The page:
Gov. Kay Ivey offered an amendment to Senate Bill 161 that was passed this week. 

Alabama Gov. Kay Ivey issued a statement on May 14 announcing that she would not sign Senate Bill 161, which was passed earlier in the week, and offered an amendment to the bill.

Senate Bill 161 would hand over spending authority of the $1.9 billion Alabama is receiving from the CARES Act for Coronavirus relief to the Legislature.

“I have reviewed Senate Bill 161 and believe that all federal CARES Act funds should be appropriated immediately,” Ivey said in a statement. Unlike other emergency relief bills that have been passed by Congress during recent disasters, the (CARES) Act was signed into law by President (Donald) Trump on March 27 with clear intent of reimbursing only those expenses incurred due to the COVID-19 pandemic.

“Moreover, the obligation is for a period that begins on March 1 and ends on Dec. 30, meaning if this money isn’t spent, not just allocated, by the end of this year, it goes back to the U.S. Treasury.”

Controversy has developed over a recent “wish list” that the Alabama Legislature provided Ivey over things it wanted the money spent on, which included non-COVID-19 related things such as a new $200 million state house. Ivey has rejected such ideas and Alabama representatives like Del Marsh – who sent the list to Ivey – and Steve Clouse have said that those types of expenditures would not be pursued by the Legislature.

“Alabama’s total share of the CARES Act funds is a little over $1.9 billion,” Ivey continued. “That’s a lot of money for sure, and if spent wisely, it could very well help us pay for many legitimate expenses incurred by cities, counties and the state, nursing homes and hospitals, schools and colleges – and other worthy expenditures – that are directly connected to COVID-19.”

Ivey also addressed the public spat that she and the Legislature have had over the spending of this money.

“I have known many in the legislature for a long time and have built many lasting, true friendships,” she continued. “Like any working relationship, you will have occasional disagreements. Tension can be a good thing if you allow it to birth good ideas; we must not allow egos or personal agendas to outweigh public good.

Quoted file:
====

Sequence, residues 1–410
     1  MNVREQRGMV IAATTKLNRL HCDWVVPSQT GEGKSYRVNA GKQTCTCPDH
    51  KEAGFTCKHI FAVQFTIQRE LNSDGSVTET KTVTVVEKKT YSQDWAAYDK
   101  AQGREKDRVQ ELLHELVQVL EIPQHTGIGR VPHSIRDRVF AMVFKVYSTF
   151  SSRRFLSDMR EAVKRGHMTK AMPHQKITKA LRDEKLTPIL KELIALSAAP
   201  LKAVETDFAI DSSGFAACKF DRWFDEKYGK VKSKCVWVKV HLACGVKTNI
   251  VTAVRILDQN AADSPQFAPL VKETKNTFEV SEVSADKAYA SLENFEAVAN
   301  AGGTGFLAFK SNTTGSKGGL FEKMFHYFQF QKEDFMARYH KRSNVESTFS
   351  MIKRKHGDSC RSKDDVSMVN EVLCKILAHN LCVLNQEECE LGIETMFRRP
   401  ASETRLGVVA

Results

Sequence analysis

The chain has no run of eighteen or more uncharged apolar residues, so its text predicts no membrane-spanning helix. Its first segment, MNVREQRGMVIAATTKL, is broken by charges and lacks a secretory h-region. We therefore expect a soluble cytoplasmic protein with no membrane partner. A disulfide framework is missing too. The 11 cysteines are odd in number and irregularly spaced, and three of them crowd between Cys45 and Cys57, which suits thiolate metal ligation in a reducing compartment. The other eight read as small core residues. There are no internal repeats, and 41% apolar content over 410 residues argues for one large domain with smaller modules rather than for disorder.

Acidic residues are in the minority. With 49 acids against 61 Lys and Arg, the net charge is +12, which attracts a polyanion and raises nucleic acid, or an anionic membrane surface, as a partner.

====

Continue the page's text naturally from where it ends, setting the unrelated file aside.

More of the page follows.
“My firm opinion remains that most members of the Legislature want to do the right thing while making certain this money helps the people of Alabama who have been harmed by this disease.”

Senate Bill 161 allocated just $200 million of the $1.9 billion to pay for immediate expenses with the plan being the rest would be appropriated in a special session “later this year.”

Ivey’s amendment to the bill would give the executive branch and the Department of Finance control of $1.8 billion in federal money from the CARES Act with $300 million going to reimburse state agencies for COVID-19 expenditures along with up to $250 million going go to reimburse local governments for COVID-19 expenditures.

Another $250 million would go to “support the delivery of healthcare and related services to the citizens of Alabama related to COVID-19,” while $300 million goes to support citizens, business and non-profit and faith-based organizations impacted by COVID-19.

Up to $53 million would go to reimbursement of equipment and infrastructure necessary for remote work and public access to functions of state government impacted by COVID-19.

Up to $300 million would go for technology and infrastructure for remote instruction and learning and $200 million to the Department of Corrections to address COVID-19.

Also, up to $10 million will go to courts to ensure access during COVID-19 and up to $5 million to reimburse the state’s general fund for previous appropriations to the Alabama Department of Public Health.

The remaining $118 million could be used “for any lawful purpose in line with federal guidance.”

According to Ivey’s communications director Leah Garner, Ivey was contacted by Speaker of the House Mac McCutcheon and Clouse and was asked to make her amendment to the bill rather than simply vetoing it. The House and the Senate will now either vote to pass the amended bill or not.

On Monday, May 18, the Alabama Senate approved the bill with Ivey’s amendment.

“I commend the Alabama Legislature for their cooperation by supporting my Executive Amendment to SB161,” Ivey said in a statement. “This friendly amendment ensures the CARES Act money will be immediately available to the people of Alabama and put to use under the intent of the U.S. Congress and President Trump.

“I thank the members of the Alabama Legislature for supporting this amendment and for ensuring this money helps the people of Alabama who have been harmed by (COVID-19).”

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